When you buy a shortfill on our site, you’ll normally see an “Add Nicotine Shot For...” option on the right-hand side. You can choose from 0mg, 3mg or 6mg, and we then send you enough nicotine shots to boost your shortfill to the strength you’ve chosen.

How to make 3 or 6 mg/ml strength shortfill:
Shortfill Bottle + Nicotine Shot(s) = E-Liquid Strength
50 ml + 1 x 18mg nicotine shot = 3 mg/ml
50 ml + 2 x 18 mg nicotine shots = 6 mg/ml
100ml + 2 x 18 mg nicotine shots = 3 mg/ml
100ml + 4 x 18 mg nicotine shots = 6 mg/ml
 

If you want to mix high nicotine strengths, you will need a few empty bottles for decanting any excess shortfill. We sell empty unicorn bottles in 60ml and other sizes - just visit our vape accessories department

We prefer to send you the right amount of nicotine up-front so that all you have to do is add one bottle to another and shake (it’s a much simpler way of doing things), but if you really want to customise your shortfill nicotine dose yourself, you can still do this. To calculate a more precise nicotine strength than 3 or 6, you just have to follow three simple steps:

Step 1: Figure out how much nicotine you’re going to add
Multiply the mg/ml value of your nicotine shot(s) by the number of millilitres in the nicotine shot bottle. So for instance, if you have 2x 10ml bottles of 18mg/ml strength, that would give you a total of 360mg of nicotine (20ml x 18mg/ml = 360mg).
 
Step 2: Figure out how much vape juice you’re creating
Add the amount of fluid in your nicotine shot(s) to the amount of fluid in your shortfill bottle. For instance, if you add 2x 10ml nicotine shots to a 100ml shortfill bottle, you’ll end up with 120 ml of vape juice (100ml shortfill + 10ml shot + 10ml shot)
 
Step 3: Divide the total nicotine by the total vape juice
Take the total mg of nicotine (step 1), and divide it by the total ml of vape juice (step 2), and you’ll get your nicotine strength in mg/ml. Using our example above, if we add 2 of the 18mg/ml strength shots to our 100ml shortfill bottle, we’ll end up with 360 mg of nicotine. 360mg of nicotine divided by 120 ml of vape juice gives us a strength of 3 mg/ml

To increase the strength beyond 3mg, you’ll probably need to decant some of your shortfill fluid before you add the nicotine shot. For a strength of less than 3mg, you’ll probably want to use a fraction of one full nicotine shot. 

Do Nicotine Shots Dilute Flavour?

Nicotine shots are flavourless, but they will still dilute your vape juice when you mix them into your shortfill, just like cordial in a glass of water. It’s not just the flavour that can be affected - the VG/PG ratio can change when you add a nicotine shot, too. If you’re making a custom nicotine strength, you’ll need to find a nicotine shot that matches the VG/PG of your shortfill liquid - otherwise you won’t get the balance of vapour density and flavour you’re expecting.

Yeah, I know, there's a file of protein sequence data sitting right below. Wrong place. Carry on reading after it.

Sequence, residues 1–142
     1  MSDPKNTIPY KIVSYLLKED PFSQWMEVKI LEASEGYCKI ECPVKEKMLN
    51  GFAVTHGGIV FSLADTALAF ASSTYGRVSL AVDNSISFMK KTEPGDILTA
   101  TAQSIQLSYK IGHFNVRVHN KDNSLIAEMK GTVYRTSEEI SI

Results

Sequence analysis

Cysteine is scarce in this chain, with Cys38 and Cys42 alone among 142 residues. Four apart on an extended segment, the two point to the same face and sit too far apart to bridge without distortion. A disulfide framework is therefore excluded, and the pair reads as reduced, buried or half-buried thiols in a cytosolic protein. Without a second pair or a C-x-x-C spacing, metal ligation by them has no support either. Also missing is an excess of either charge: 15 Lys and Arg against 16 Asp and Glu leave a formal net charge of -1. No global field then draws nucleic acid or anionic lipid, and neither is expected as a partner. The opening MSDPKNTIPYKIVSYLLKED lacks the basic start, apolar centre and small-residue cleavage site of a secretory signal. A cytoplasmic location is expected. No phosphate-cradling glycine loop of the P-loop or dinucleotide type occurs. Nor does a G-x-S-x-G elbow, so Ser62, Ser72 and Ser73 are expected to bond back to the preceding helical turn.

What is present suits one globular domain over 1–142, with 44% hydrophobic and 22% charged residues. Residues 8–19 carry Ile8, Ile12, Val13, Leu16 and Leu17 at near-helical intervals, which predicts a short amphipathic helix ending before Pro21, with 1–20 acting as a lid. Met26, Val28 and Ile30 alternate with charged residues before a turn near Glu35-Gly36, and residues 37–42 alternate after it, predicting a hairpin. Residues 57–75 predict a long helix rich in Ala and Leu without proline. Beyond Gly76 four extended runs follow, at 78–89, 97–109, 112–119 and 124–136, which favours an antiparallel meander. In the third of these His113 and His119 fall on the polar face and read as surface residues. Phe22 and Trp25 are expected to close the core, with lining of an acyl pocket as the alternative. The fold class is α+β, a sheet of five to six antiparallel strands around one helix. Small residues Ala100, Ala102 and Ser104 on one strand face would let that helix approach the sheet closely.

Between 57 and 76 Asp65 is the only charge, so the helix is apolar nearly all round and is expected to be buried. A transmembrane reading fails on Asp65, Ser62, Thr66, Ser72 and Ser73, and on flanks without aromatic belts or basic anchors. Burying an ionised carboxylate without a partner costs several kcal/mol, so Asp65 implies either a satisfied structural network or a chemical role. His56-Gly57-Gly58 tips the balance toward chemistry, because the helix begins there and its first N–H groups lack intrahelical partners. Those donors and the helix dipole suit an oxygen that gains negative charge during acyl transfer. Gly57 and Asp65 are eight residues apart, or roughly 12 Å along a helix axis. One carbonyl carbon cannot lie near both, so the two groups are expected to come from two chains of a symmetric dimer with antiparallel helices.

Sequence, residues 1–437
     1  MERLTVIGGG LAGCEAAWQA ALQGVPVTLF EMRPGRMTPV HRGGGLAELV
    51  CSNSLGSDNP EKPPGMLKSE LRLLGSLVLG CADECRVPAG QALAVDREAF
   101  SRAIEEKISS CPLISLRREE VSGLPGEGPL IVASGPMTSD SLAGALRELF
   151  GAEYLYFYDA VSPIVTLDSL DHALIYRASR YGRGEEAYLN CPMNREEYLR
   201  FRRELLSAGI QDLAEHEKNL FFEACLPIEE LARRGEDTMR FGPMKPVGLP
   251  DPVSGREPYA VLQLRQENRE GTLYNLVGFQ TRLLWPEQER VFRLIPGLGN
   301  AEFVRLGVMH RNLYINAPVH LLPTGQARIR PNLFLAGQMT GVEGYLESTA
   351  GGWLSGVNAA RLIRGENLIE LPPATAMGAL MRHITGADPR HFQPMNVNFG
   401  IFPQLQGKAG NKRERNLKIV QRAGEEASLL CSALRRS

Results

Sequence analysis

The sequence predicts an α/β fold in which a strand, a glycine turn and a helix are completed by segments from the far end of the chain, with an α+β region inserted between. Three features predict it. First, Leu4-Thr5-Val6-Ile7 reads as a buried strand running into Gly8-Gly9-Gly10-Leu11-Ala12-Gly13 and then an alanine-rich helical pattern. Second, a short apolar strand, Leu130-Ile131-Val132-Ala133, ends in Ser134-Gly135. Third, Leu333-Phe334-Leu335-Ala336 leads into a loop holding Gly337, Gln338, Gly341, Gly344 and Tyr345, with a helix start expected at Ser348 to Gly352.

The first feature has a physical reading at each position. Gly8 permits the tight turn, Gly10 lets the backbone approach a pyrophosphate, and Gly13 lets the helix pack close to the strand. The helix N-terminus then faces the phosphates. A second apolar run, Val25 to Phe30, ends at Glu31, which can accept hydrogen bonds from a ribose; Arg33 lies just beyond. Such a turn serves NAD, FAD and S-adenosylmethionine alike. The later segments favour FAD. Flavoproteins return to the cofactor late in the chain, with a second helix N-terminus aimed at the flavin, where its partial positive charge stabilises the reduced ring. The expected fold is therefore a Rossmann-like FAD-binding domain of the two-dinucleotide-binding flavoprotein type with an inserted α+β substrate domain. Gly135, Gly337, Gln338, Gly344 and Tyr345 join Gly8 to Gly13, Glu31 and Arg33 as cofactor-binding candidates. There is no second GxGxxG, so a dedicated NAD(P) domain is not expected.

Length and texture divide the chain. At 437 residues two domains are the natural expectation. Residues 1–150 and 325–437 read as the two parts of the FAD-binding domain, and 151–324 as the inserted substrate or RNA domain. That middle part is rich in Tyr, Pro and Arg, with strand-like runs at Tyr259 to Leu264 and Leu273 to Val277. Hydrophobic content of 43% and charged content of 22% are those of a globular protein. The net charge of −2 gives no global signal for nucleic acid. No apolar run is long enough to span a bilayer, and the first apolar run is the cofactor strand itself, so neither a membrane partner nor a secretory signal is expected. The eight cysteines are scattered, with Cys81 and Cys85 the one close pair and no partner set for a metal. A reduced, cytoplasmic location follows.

You shouldn’t need to worry about shortfill dilution too much. We always try and send out nicotine shots that complement the VG/PG ratio of the e-liquid we’re selling (normally 80% or 100% VG), and most of the manufacturers we work with will make their shortfill flavours a little stronger to allow for the addition of a nicotine shot. 

I don’t feel like I’m getting enough nicotine. What do I do?

If you don't feel like you’re getting enough nicotine from 3mg or 6mg strength shortfills, you might need to stick with a stronger pre-mixed 10ml bottle for a while, just until you can safely wean yourself off those higher nicotine doses. 

It can be unnerving to keep dosing yourself with nicotine when you’re trying to quit, but in my experience it’s worth it if you’re trying to kick the cigarettes completely. The NHS say that it can actually be a good thing to supplement your vape with nicotine patches - the patch gives you a ‘background level’ of nicotine from another source while you get to grips with your shortfill vape and break the behavioural habit of lighting up a cigarette. The NHS website gives a bit more detail on this here, saying footnote 5

“...using more than one NRT product at a time – known as combination therapy – can be a good thing as it often increases your chances of success.”  

- NHS Advice, 10 Myths about Stop Smoking Treatments


The NHS Stop Smoking Service is brilliant, by the way, and it’s well worth looking into if you haven’t already. You can go online to find your local NHS Stop Smoking service and get tailored advice and support that helps you quit tobacco for good.

In summary…

In an ideal world, we wouldn’t need to add our own nicotine to shortfill e-liquid bottles — it would be easier if we could buy a finished product pre-mixed in a size that suits us — but while the Tobacco Products Directive remains law, this is how we do it. 

The TPD law isn’t scheduled for review until 2022 footnote 6, so for now, shortfills are here to stay. With a bit of practice, you can use shortfills to save money, cut waste and get more pleasure out of your vaping experience. 

I hope this guide has given you a good starting point on how to use shortfills, make vaping a little more convenient for you and help you save money. If you do have any questions, we’re always here - just send us an email. The team and I will be happy to help. 

Stay safe and happy vaping!

- John Boughey


Links & Citations

Footnote 1

“...nicotine-containing liquid is only placed on the market in dedicated refill containers not exceeding a volume of 10 ml, in disposable electronic cigarettes or in single use cartridges and that the cartridges or tanks do not exceed a volume of 2 ml”

This quote is taken from page 26 of the TPD’s original text, visible at the link below: https://ec.europa.eu/health//sites/health/files/tobacco/docs/dir_201440_en.pdf

Footnote 2 

The ‘nicotine per cigarette’ statistics come from a research paper published in 2004 titled “Determination of tar, nicotine, and carbon monoxide yields in the mainstream smoke of selected international cigarettes” by Calafat AM, Polzin GM, Saylor J, et al. This research paper is free to read on the Tobacco Control area of the BMJ website at https://tobaccocontrol.bmj.com/content/13/1/45

Footnote 3  

Stats on the amount of nicotine per 24 hour patch dose, and nicotine per nasal spray dose, comes from the NHS Wales “Primary Care Nicotine Replacement Therapy Prescribing Guidance” document. The whole document is visible at http://www.wales.nhs.uk/sitesplus/documents/888/NRT%20summary%20final%2027%2009%2013.pdf

Footnote 4 

The stats given here are based on Gourmet E-Liquid’s shortfill bottle sales in May 2020. Other types of e-liquid and multipack purchases have been excluded.

Footnote 5

The NHS ‘combination therapy’ quote is taken from the “10 myths about stop smoking treatments” page of their Quit Smoking section. Please see point 3 at the link below:

https://www.nhs.uk/live-well/quit-smoking/10-myths-about-stop-smoking-treatments/

Footnote 6 

The latest version of the Tobacco Products Directive, which became law before Brexit, can be read in full on the EU website here. The UK legislation that brought the TPD into force here can be read in full on the Gov.uk website here.